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New Approaches to Grief and Loss Work

Grief Counselling and Grief Therapy have been strongly influenced over the last thirty years by “stage models” of grief – from Kubler-Ross onwards. However, over the last decade new therapeutic perspectives and research has seriously challenged some of the commonly held assumptions about grief & loss work and their therapeutic implications. Additionally there are particular factors about “traumatic grief” that provide particular challenges to the practitioner.

Understanding the Nature of Traumatic Grief

  • Sudden, unique or repeated forms of loss often create particular grief problems for clients
  • Suicide, torture, violent forms of loss or simly those associated with high levels of conflict and emotion<
  • 7 key factors determining a client's loss experience
  • Contributions of new psychological theories - from Stroebe's Dual Process Model to the contribution of Positive Psychology.

Working Effectively with Traumatic Grief Problems

  • Specific issues relating to traumatic and multiple losses
  • Working with repeated cognitive rumination and intrusive distressing thoughts and environments
  • Managing recurrent anger and guilt within grief reactions.
  • Do you treat the client’s trauma or their grief as a priority?

Therapeutic Interventions

  • Developing a therapeutic strategy in grief work - options
  • Research on how grief work can be harmful for some clients and what you should avoid doing
  • The question of what the focus should be in cognitive work and how to be effective
  • How to work with unreasonable guilt and resentment as well as “genuine causal guilt”
  • Solution focused techniques for working with grief reactions
  • Helping clients to reintegrate their view of themselves and their loss

Paul Grantham says:

While reviewing the final details for this course I was struck by how many myths are still around in this field! Elisabeth Kubler-Ross died a decade ago but despite both her own renunciation of some of her earlier theories and extensive subsequent research, many myths remain.

Here are 5 of them:

Myth 1.       ROSS’ STAGES OF GRIEF MODEL WAS DEVELOPED THROUGH HER WORK WITH THE BEREAVED.
It wasn’t. It was based on her observation of terminally ill patients preparing for death. There is still no research evidence to support the idea that this is a process that those experiencing loss go through – let alone HAVE to go through - in order to heal.
During our unique training we provide up to date alternative explanations of clients’ loss experiences.

Myth 2.       THOSE WHO EXPERIENCE MAJOR LOSSES NEED HELP IN ORDER TO HEAL.
This is not so. Over 20 years ago Hoeksema demonstrated that over half of those bereaved through the death of a loved one through cancer had significantly moved on automatically without help after 6 months. Does this mean no one needs help? Of course not, but it does mean that we need to be careful who we offer help to and when. There is already some evidence that it can be damaging if done incorrectly and at the wrong time.
In our training we help you identify when, where and how to offer help.

Myth 3.       MAJOR LOSSES REQUIRE CONFRONTING AND EMBRACING GRIEF.
Not necessarily. Events per se do not make us feel bad. It’s the way we think about events that do. We know from the process of selective attention that things can get bigger rather than going away. There is a real danger in confronting grief that it can actually become bigger and more overwhelming. So what’s the alternative? It’s certainly not denial, but it’s different from what you been taught before.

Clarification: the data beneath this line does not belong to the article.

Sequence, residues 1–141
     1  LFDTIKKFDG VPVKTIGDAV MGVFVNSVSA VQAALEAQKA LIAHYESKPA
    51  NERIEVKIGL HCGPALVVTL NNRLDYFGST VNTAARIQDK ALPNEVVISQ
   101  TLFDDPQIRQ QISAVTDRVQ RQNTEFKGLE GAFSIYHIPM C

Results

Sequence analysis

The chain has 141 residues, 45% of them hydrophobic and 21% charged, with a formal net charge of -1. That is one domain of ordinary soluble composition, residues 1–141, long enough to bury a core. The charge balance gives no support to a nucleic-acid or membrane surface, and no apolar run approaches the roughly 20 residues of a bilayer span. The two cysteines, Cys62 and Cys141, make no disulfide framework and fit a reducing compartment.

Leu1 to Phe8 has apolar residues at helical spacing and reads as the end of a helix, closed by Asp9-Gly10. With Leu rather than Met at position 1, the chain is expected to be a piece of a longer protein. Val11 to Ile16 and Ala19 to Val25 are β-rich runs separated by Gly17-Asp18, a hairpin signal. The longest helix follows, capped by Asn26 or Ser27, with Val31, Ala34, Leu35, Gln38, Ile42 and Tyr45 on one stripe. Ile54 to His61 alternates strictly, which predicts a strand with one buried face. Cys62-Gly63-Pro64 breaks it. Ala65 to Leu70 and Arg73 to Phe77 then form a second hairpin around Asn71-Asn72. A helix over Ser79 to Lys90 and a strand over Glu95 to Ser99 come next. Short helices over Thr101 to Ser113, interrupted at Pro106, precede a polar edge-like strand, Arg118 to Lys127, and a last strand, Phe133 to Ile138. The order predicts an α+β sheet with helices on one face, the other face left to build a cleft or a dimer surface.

Myth 4.       THE BIGGEST RISK FOR THOSE WHO EXPERIENCE GRIEF IS DEPRESSION.
Low mood is a risk but suicidal risk should be in the forefront of all practitioners’ minds. As the saying goes – the big problem with your own death is that you can’t learn from it. Are you on the lookout for suicidal risk in your grief and loss clients? Do you know how to assess such risk? We’ll teach you how on the training day.

Myth 5.       ANGER IS THE MOST COMMON SUPPRESSED EMOTION IN GRIEF AND ITS EXPRESSION SHOULD BE FACILITATED.
In fact it’s no more common than a range of other emotions following loss including emotions like relief and gratitude. And when it does show itself, we have extremely good  evidence now that facilitating its expression can make the problem far worse. Anger needs to be dealt with in a very specific way that we will explore in our training.

We’ve packed a lot into a single days training in order to address all the above issues and more. It is a fast moving day and I believe it will change your thinking about how to deal with grief and loss forever.

Course Leader:

Paul Grantham
B.A. (Oxon), M.Sc, M.Clin.Psychol., BABCP (Accred)

Paul Grantham is a clinical psychologist with vast clinical and training experience. Having originally taken a degree in history at Oxford University, Paul chose to make Psychology his professional career and took an MSc degree in Psychology at Sussex University followed by training as a Clinical Psychologist at Liverpool University. He has worked extensively within the NHS for many years as a clinical psychologist including primary care, mental health, forensic, substance misuse and physical health and has trained staff in health care, social services, local government and education around the UK and abroad. Paul has a particular interest in people motivation for change, resistance and reasons of why people do NOT change and currently focuses on practical applications of resource based therapies. He has presented and written on a range of psychological issues with particular emphasis on working with clients’ inner resources for overcoming problems.

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